• We equip each task environment with a large number of high-quality demonstrations to facilitate generalizable skill learning via learning-from-demonstrations approaches. The demonstrations are collected by using carefully tuned RL agents trained with well-shaped rewards.

2 Related Work

Robot learning environments

Recently, several simulation environments have been developed to facilitate research on embedded AI, visual reasoning and robot learning. These environments usually embed physics simulators [29, 30, 31, 32] and support tasks with different levels of abstraction. AI2-THOR [1], House3D [2], VirtualHome [3], Gibson [4], iGibson [5], AI Habitat [6], and TDW [7] simulate mobile robot in a household environment to solve semantic or interactive navigation tasks. These environments focus on navigation in complex scenes with a simplified interaction model and are not tailored towards object manipulation tasks that involve complex rigid-body contacts. Robot control environments like OpenAI Gym [33], Deepmind Control Suite [34], RoboSuite [20], DoorGym [25], MetaWorld [19], and RLBench [22] integrate full-feathered physics engines for continuous control and reinforcement learning. Along with the rise of offline reinforcement learning, benchmarks like D4RL [35] have been proposed to measure the progress of offline reinforcement learning algorithms. However, except for DoorGym [25], existing benchmarks are not suitable for studying object-level generalizability due to insufficient asset variety, and DoorGym is limited to one single object category. Our ManiSkill benefits from the large-scale articulated object collection in SAPIEN assets [26] and from the variety of object categories with physically realistic interactions, making it a proper testbed for object-level generalizable policy learning.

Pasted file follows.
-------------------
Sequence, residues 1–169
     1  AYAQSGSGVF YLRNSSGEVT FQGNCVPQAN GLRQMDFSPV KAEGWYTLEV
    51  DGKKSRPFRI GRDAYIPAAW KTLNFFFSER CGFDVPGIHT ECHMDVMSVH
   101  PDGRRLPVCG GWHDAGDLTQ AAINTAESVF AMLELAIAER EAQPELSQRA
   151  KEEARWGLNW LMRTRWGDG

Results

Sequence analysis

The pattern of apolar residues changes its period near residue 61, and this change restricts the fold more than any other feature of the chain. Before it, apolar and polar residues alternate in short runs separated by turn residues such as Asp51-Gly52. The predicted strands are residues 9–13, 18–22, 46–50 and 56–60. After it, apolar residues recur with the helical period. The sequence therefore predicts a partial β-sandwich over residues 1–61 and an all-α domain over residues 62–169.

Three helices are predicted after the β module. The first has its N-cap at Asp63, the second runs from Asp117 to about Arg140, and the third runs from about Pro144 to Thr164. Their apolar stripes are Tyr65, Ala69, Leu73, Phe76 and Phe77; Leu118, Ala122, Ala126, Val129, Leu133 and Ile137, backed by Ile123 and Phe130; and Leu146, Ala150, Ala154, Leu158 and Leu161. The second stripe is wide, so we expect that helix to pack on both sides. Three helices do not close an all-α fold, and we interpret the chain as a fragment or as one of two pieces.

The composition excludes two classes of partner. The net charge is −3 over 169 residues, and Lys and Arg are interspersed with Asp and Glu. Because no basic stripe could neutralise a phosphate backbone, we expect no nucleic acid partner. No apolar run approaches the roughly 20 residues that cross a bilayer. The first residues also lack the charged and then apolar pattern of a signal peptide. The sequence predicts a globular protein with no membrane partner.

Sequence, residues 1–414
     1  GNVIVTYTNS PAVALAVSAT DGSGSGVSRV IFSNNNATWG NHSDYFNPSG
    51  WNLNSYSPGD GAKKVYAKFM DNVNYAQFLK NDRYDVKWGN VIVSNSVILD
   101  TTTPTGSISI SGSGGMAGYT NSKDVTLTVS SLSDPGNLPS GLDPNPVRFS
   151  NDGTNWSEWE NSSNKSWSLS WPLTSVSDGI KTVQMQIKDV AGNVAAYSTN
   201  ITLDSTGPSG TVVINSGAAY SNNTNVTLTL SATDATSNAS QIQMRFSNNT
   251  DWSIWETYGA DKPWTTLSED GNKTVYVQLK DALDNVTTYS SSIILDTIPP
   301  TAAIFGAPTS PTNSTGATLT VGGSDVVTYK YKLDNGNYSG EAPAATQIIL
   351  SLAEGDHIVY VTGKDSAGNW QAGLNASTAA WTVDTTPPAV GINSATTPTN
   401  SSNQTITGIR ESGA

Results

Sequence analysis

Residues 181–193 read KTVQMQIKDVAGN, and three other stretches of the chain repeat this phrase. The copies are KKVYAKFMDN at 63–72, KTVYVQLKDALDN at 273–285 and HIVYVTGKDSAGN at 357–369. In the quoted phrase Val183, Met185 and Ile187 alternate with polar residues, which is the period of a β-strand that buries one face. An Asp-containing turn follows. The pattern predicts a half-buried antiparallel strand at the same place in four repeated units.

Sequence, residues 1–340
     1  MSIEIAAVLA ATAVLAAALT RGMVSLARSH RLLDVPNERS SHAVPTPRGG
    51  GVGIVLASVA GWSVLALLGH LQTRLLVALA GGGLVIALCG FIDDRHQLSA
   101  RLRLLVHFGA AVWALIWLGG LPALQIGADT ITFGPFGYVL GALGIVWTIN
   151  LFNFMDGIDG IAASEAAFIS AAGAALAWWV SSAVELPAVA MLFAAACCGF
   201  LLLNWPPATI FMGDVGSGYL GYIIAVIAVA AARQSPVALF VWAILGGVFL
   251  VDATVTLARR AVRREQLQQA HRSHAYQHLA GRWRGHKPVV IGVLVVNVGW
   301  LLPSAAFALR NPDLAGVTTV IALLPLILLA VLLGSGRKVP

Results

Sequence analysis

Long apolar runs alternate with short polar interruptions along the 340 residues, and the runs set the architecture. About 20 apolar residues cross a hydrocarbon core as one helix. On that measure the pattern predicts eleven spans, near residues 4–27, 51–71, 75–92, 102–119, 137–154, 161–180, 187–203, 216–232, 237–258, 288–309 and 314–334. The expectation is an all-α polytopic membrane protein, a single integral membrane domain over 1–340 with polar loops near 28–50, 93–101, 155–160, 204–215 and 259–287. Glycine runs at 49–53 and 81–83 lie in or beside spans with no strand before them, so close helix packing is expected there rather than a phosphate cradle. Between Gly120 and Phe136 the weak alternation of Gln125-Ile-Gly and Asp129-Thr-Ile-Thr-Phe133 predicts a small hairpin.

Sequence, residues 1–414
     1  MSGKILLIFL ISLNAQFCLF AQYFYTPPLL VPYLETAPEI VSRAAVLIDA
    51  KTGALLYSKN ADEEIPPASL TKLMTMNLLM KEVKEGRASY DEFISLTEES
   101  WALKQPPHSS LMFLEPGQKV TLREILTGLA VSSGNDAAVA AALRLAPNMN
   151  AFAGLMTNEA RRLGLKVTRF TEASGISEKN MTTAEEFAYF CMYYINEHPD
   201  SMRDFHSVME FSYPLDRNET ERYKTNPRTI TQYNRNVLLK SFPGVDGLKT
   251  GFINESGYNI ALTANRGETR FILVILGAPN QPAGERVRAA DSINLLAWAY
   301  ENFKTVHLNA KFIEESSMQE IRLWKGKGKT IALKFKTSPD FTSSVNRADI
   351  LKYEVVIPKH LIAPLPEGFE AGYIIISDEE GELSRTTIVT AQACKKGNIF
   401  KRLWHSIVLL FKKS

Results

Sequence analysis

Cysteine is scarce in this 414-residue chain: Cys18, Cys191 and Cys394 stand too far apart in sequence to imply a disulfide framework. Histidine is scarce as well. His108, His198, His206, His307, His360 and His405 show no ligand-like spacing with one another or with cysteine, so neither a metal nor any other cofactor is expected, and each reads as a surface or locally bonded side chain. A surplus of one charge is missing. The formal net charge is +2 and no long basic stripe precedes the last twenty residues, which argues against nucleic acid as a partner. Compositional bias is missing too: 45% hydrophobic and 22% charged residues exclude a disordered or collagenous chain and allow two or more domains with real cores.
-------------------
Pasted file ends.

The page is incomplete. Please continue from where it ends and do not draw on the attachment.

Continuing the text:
Manipulation skill learning

Object manipulation is a long-standing task in robotics. Recently, reinforcement learning and imitation learning show success in learning object grasping [36] and manipulation [37, 13, 14, 15, 38, 16, 39, 40]. Approaches like Domain Randomization [23, 24, 41, 42, 43] have shown great potential in generalizing policy learned in simulation to real world. Despite these works’ success in solving challenging control tasks, they do not aim at learning a generalizable policy over variations in articulated objects. On the other hand, learning-based grasping [44, 45, 46, 47, 48, 49, 50, 51] has gained increasing popularity and can propose novel grasp poses on novel objects. However, grasping policies are limited to solving pick-and-place tasks, and few of them have explored the grasping of articulated objects. ManiSkill, as a complement to previous works, contains multiple manipulation tasks and supports dexterous manipulation of both multi-arm robots and multiple categories of 3D articulated objects, thereby enriching the learning environments for generalizable manipulation skills.

Interaction with articulated objects

Articulated objects, such as cabinets, drawers, and ovens, are common in household environments. Traditional planning and control approaches [52, 53]

that rely on expert strategies and object models are not capable of handling diverse scenes and objects. One solution is to incorporate a perception module that estimates articulation models into planning approaches 

[54, 55, 56]. Recently, there has been a widespread interest in adopting learning models for perception. For example, works such as  [57, 58, 59]

identify articulated objects’ kinematic constraints, parts, and poses through neural networks. These approaches can usually generalize to novel objects and novel categories. However, how to incorporate perception models into direct policy learning